My child has no motivation to learn - what can I do?
As the new school year starts with online learning many children lose the motivation to learn. They lose the fun of learning new things and no longer have the natural thirst for knowledge that we see in most primary school children when they proudly learn to read, write and calculate.
Instead, it costs many pupils a great deal of effort to sit down at their desk and learn for the next class test, especially in this new digital environment. If they have not understood a subject in class, most of them lose their motivation to learn, because they simply do not know where to start. The problem often lies in the fact that the students are overwhelmed by the abundance of subjects and learning material. Many children have learning difficulties in science subjects such as maths or physics and lose the motivation to learn. In addition, a teacher cannot take care of all pupils equally, although he or she may wish to do so. But often it is not the teacher's fault, because if there are more than 30 pupils in a class and each one has a different learning rhythm, it is not possible to do justice to all pupils equally. The motivation to learn is lost - both for the teacher and for the pupils. Often parents only find out how great the pressure to learn and succeed at school actually is after a few conversations with their child. They consider how they can create a motivation to learn for their children, but fail because they do not know how to do this. The result is a vicious circle created by lack of communication and poor, unsatisfactory grades. This is difficult to break and requires the urgent help of parents. If, as a parent, you are familiar with the problems described above or if you recognise some of these situations, the following are five tips on how you can best support your child. So that you and your child no longer lack the motivation to learn in the future. Tip 1: Be an emotional support Be proud of your child and above all: show him regularly and help him to be motivated to learn! When you think about when he started reading to you as a first grader - wasn't your heart bursting with pride? And now your offspring is in secondary school, solving complicated mathematical equations. Isn't that progress? Well, praise your child when he comes home with the next good grade and tell him how proud you are. If the child comes home with a bad grade, don't get mad right away, but talk to your child. Maybe he or she was in poor physical condition on the day of the exam or had a fight with their best friend. Be honest: Wouldn't you mess up an exam there too? The lack of motivation to study might not have been the reason. Go through the test results with your child and see where he or she failed. At the weak points you can then work together in the future to improve your performance. Your child will thank you if you try to put yourself in his or her place. Tip 2: Act according to the reward principle Rewards increase the motivation to learn. Here you can be creative: For example, if your child has been studying hard all week for an upcoming math exam and has passed it successfully, he or she can choose a small reward. How about lunch at your favourite restaurant or a visit to the cinema, for example? But also make sure that it doesn't become a habit, but only happens from time to time. Also make sure that the topics of school and learning are not constantly in the foreground, but that there are other things in life. Because if you talk about school all the time, the child may develop negative feelings about school. So: Every now and then a little reward for your diligent student helps to motivate him to learn! Tip 3: Do not threaten your child with punishment Nothing can demotivate a child more than the threat of punishment. It's human to feel uncomfortable sitting at your desk in summer and not wanting to learn - especially when the sun is shining outside. So if your child becomes stubborn and doesn't want to learn, don't threaten him or her with a mobile phone or computer ban. This will make things worse and put you and your child in a bad mood. Lack of motivation to learn is the result.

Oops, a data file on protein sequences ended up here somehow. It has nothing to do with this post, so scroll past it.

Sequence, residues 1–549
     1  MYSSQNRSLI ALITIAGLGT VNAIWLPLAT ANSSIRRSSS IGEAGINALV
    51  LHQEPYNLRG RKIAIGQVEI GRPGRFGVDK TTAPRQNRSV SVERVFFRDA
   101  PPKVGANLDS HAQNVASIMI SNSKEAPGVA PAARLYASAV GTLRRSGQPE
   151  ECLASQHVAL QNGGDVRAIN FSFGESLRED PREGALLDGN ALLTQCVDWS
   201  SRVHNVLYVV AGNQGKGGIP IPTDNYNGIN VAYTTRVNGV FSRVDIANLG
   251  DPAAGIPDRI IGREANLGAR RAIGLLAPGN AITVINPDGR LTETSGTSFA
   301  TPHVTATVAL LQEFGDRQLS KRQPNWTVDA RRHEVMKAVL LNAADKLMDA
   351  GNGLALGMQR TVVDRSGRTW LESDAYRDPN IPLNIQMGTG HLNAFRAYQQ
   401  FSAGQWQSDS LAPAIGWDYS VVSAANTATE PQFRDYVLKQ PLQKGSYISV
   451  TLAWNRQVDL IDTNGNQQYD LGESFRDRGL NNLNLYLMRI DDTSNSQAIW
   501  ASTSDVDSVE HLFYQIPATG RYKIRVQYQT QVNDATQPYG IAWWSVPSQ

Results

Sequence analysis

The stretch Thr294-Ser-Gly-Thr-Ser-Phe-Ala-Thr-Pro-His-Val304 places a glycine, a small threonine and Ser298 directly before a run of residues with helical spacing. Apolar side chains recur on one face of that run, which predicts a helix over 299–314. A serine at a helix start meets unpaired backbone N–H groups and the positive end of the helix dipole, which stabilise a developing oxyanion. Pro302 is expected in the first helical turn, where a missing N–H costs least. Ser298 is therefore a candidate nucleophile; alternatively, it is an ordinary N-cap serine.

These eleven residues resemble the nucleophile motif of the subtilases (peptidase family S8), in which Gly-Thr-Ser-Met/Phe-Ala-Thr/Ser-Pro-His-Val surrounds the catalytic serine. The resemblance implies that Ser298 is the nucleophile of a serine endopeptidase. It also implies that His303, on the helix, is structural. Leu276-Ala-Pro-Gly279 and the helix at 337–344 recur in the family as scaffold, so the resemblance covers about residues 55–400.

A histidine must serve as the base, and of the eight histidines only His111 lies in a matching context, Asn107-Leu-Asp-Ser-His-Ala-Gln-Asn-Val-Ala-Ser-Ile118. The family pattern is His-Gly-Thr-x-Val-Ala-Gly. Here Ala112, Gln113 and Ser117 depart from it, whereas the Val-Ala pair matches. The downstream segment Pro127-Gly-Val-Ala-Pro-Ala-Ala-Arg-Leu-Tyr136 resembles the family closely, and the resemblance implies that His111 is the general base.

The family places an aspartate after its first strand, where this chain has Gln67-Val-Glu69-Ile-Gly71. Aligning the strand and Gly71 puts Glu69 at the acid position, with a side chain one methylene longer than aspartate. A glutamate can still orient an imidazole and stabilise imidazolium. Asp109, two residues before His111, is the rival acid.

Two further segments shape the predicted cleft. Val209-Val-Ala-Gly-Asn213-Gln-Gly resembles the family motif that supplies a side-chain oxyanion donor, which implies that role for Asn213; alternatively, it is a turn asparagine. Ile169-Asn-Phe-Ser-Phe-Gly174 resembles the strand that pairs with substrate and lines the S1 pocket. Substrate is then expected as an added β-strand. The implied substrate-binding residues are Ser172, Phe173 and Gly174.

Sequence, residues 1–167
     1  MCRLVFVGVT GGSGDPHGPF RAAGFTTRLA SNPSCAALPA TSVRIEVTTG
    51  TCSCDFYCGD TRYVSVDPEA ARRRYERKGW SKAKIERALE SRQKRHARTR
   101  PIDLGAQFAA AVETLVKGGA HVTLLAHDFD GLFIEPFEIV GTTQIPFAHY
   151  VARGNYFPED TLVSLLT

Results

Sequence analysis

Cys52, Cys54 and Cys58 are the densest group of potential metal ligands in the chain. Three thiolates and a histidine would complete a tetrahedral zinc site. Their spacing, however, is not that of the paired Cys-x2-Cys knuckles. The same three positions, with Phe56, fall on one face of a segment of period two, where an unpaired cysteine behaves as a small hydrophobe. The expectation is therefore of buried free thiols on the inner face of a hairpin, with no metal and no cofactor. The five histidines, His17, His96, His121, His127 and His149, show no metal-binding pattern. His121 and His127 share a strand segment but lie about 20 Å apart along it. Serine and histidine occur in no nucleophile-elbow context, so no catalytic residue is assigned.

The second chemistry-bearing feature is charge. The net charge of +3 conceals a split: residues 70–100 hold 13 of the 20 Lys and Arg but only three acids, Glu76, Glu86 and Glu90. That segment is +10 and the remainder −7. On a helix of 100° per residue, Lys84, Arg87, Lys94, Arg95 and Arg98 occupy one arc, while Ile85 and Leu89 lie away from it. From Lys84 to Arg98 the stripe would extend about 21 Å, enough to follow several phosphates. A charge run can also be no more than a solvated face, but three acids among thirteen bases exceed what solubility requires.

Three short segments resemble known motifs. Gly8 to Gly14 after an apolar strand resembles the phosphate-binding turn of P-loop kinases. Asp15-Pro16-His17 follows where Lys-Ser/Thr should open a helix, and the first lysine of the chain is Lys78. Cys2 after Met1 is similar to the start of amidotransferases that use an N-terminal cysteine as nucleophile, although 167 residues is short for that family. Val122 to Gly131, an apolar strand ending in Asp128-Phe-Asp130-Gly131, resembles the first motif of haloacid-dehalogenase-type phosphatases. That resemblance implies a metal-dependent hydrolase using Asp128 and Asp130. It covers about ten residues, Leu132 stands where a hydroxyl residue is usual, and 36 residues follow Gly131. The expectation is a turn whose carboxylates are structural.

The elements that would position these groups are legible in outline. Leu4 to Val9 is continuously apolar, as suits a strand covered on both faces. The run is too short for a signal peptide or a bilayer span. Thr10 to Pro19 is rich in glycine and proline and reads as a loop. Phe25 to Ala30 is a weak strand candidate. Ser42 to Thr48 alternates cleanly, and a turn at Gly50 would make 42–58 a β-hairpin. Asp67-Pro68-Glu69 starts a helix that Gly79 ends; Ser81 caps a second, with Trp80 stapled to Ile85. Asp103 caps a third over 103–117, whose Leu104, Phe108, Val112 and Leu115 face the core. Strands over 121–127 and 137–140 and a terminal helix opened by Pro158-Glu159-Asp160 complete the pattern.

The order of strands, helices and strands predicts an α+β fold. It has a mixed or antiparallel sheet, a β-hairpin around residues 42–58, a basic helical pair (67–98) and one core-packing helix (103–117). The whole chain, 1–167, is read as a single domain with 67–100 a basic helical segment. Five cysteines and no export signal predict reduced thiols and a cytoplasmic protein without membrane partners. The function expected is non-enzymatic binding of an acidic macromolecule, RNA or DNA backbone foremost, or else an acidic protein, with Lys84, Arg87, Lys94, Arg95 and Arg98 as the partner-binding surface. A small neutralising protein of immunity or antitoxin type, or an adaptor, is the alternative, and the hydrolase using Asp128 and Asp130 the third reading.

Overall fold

Instead, try to find a compromise that you and your child can live with, for example: study for two hours in the afternoon and then go out and enjoy the weather! This way you are guaranteed to create motivation to learn! Tip 4: Role reversal - Become a student How about a little role reversal for a change? You play the student and your child the teacher, who explains the subject matter in his own way. The change of perspectives helps to further process what you have learned and apply it in a practical environment. In this way your child notices how well prepared he or she is for an upcoming exam. Here the motivation to learn is pre-programmed. So: arrange a tutoring session with your child! Tip 5: Interactive exercises and learning videos for a better understanding Often you as parents cannot help with complicated math problems or you do not have enough time to deal with English grammar rules.
After the learning frustration follows the bad grades because your child does not fully understand what he learned at school and has no one to explain it in more detail. Motivation to learn - no chance! But this does not have to be the case. Online learning platforms with a good media mix, which consists of interactive exercises, learning videos, lexicon articles, original classroom work and sample solutions, help and can motivate a child to learn better. But, the most important thing to remember NOW is P.A.T.I.E.N.C.E. is the key.
Remember, Your Voice. Their Imagination. So choose your words and tone carefully!